Where will biofuels and biomass feedstocks come from?

When it comes to biofuels we have a few choices and options – we can do it poorly, with short- run approaches with no potential to scale, poor trajectory, and adverse environmental impact, or we can do it right – with sustainable, long-term solutions that can meet our biofuel needs and our environmental needs. We do need strong regulation to ensure land use abuses do not happen. A recent report published by the Royal Society highlights some of the factors that need to be balanced – they note that some changes in land use (such as clearing tropical forest or adapting peatlands for crop cultivation) can do more harm than good.  To counter these potential abuses, we have suggested each cellulosic facility be individually certified with a LEEDS (international certification program for “Leadership in Energy and Environmental Design”, a green building rating system) like “CLAW” rating and countries that allow environmentally sensitive lands to be encroached be disqualified from these CLAW rated fuel markets. We think a good fuel has to meet the CLAW requirements:

C – COST below gasoline

L – low to no additional LAND use; benefits for using degraded land to restore biodiversity and organic material

A – AIR quality improvements- i.e., low carbon emissions

W – limited WATER use.

Cellulosic ethanol (and cellulosic biofuels at large) can meet these requirements. The Royal Society notes that the uncertainty of some biofuels do not obscure the main benefits of cellulosic fuels: “(1) biofuels from cereals, straw, beet and rapeseed are likely to reduce GHG emissions, though the estimated contribution varies over a wide range, from 10 to 80% (averaging about 50%) depending on crop, cropping practice and processing technologies; (2) biofuels from lignocellulose material are likely to show a twofold or more improvement in average abatement potential when compared with biofuels derived from food crops.”

Our research and data suggests that cellulosic ethanol can reduce emissions on a per-mile driven basis by 75-85%, with limited water usage for process and feedstock as illustrated later. Range, Coskata and other companies currently have small scale pilots projecting 75% less water use than corn ethanol, and energy in/out ratio between 7-10 (Energy returned on energy invested or EROI, even though we consider this a less important variable than carbon emissions per mile driven). The question that eventually comes to the forefront is land use and biomass production – how much will we need? What will it take? Is it scalable enough to make a meaningful positive impact? To be conservative, we assume CAFE standards in the US per current law though we expect by 2030 to have much higher CAFE and fleet standards (hopefully up near 54 miles per gallon (mpg) or 100% higher than 2007 averages), thus dramatically reducing the need for fuel and hence biomass. For, this to happen, we need a combination of factors, including lighter vehicles, more efficient engines, better aerodynamics, low cost hybrids and whatever else we can get the consumer to buy that increases mpg.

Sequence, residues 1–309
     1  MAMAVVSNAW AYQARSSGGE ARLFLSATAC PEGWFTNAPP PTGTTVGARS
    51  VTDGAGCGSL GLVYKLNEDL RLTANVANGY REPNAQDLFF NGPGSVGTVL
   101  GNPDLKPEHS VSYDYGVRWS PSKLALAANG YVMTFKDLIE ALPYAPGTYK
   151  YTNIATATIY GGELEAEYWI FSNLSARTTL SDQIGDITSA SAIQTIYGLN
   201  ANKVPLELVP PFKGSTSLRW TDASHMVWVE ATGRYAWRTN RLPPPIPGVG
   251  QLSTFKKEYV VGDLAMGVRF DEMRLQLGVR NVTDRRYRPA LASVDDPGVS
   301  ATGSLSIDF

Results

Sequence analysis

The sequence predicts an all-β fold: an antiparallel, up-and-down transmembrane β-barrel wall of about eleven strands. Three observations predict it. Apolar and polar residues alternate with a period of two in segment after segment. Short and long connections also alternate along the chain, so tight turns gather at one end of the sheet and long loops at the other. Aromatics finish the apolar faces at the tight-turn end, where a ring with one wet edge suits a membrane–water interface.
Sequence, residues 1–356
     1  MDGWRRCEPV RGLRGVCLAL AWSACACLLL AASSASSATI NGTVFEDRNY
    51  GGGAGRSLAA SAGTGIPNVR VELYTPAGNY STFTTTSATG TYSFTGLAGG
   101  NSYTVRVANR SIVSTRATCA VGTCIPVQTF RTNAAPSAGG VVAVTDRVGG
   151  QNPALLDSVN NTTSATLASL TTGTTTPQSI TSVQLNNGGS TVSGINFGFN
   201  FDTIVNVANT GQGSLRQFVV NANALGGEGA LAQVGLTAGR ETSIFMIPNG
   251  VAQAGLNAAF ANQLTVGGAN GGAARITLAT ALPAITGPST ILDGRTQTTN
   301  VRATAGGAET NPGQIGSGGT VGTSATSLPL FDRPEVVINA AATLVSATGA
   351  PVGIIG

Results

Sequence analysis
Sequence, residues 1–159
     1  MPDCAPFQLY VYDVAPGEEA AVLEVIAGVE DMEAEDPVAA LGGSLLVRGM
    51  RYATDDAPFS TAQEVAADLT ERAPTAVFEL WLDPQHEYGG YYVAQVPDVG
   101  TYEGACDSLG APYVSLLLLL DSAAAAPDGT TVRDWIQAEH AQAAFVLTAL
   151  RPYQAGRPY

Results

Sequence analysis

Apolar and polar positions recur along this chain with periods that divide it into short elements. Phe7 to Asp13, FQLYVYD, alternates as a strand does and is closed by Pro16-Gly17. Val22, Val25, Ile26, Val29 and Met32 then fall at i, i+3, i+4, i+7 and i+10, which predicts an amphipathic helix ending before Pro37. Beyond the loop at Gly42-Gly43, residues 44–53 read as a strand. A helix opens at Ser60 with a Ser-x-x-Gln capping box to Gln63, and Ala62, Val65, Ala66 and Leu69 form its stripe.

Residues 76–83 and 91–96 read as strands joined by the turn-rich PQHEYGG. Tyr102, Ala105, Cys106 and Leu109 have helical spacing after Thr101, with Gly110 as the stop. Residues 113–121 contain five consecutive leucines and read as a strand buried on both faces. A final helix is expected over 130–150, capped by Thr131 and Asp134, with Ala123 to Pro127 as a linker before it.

What do we believe? As we will cover in this paper, we believe that given reasonable assumptions on technologies, biofuel yields, and adoption of better agronomic practices, most of our biofuel needs can be met with fairly limited land usage. From a technology perspective, the advances and continuing research into thermochemical processes offers potential far exceeding that of standard biochemical approaches. From an agronomic perspective, a greater understanding about the benefits of crop rotations and conservation practices combined with an ability to use generally underutilized land offers us the ability to vastly increase our biofuel producing abilities without cultivating additional land. In particular, we think the potential for winter cover crops as a biofuel source has been greatly understated, and that even modest yield assumptions would allow them to meet a significant portion of our biofuel needs. In the long run, the combination of these multiple factors (an example of the innovation ecosystem at play) will allow us to sever our dependence on oil – for good. Hybrid vehicle technologies will help but not materially on a worldwide basis at current costs.

A note about evaluating alternatives – when looking at a potential solution, it’s important not to evaluate a technology/approach in isolation; rather, we ought to compare it relative to other viable approaches to determine its actual feasibility. For example, every nuclear plant that we did not build over the last 50 years (due to environmental concerns) was almost certainly replaced by a coal plant, whose environmental footprint was significantly worse. We are in danger of doing it again, by going after pie-in the sky or uneconomic solutions to replace oil. That could lead to even more problems – the alternative (as a long run transportation fuel solution) may well be oil shales (Canada is moving aggressively in this direction), which are even worse environmentally. Letting the perfect be the enemy of the good is irrational – marginal analysis counts.

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